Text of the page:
I looked into the two sides of the debate, learning as much as I can to understand, but the mandated definition of the Planet really does not appeal to me. In the spirit of freethinking, I humbly decline to subscribe in the 'official' definition of the planet.

Why? What have humans done to the concept of the planet?

There is nothing inherently wrong with classifying things, and certainly nothing wrong with identifying the boundaries in order to characterize objects, but I think we had the wrong attitude when we made up the criteria for planets.

And that is the sad thing about it. Instead of trying to widen the concept of the Planet, we tried to limit it. The kind of thinking that is promoted by the current definition of the planet is a divisive mode of mentality. You see, in our world, much strife is borne out of a discriminating mindset--a way of thinking that focuses on the differences and not on the similarites.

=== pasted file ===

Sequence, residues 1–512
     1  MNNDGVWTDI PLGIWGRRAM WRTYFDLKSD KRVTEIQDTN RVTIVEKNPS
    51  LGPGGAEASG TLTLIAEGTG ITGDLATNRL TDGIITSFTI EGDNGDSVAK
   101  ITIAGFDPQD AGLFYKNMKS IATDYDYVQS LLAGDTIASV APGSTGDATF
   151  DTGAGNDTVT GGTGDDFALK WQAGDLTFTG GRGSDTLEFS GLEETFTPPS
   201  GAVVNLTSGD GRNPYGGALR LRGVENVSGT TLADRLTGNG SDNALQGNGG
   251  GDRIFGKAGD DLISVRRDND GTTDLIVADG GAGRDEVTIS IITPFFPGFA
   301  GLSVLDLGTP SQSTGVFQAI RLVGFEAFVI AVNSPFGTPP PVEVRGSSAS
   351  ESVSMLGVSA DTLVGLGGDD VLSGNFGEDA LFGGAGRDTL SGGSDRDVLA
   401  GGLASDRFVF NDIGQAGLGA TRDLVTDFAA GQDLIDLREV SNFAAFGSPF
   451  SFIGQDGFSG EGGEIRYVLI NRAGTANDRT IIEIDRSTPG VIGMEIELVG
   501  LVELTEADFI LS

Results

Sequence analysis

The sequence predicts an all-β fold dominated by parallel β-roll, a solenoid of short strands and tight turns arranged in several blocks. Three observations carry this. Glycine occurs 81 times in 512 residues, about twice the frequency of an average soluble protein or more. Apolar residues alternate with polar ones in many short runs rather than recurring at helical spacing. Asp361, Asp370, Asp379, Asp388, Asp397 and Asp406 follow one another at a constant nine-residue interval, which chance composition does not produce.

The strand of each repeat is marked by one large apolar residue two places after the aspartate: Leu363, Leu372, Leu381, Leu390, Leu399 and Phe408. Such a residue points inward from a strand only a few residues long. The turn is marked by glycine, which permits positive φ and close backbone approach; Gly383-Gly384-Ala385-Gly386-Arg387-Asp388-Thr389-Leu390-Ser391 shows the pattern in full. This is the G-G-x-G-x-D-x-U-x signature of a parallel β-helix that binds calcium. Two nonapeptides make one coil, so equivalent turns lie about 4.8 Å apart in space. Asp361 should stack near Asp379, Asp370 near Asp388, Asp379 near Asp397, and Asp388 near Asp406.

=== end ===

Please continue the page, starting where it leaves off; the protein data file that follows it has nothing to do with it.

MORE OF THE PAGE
"The major problems in the world are the result of the difference between how nature works and the way people think." ~Gregory Bateson

Today, dwarf planets are not considered planets at all, despite calling them 'dwarf planets'. Is it a matter of linguistic fallacy that makes it all nonsensical? (Dwarf galaxies are galaxies, and dwarf stars are stars, but dwarf planets are not planets?)

Or is it just the mode of thinking? Why deny dwarf planets of being planets? Such judgement mirrors a way of thinking that is alienating and divisive.

It is certainly valid if you consider dwarf planets as a subset or variation of the wide scope of planets. This alternative method of classification exemplifies a way of thinking that respects differences and yet aims to see things as One.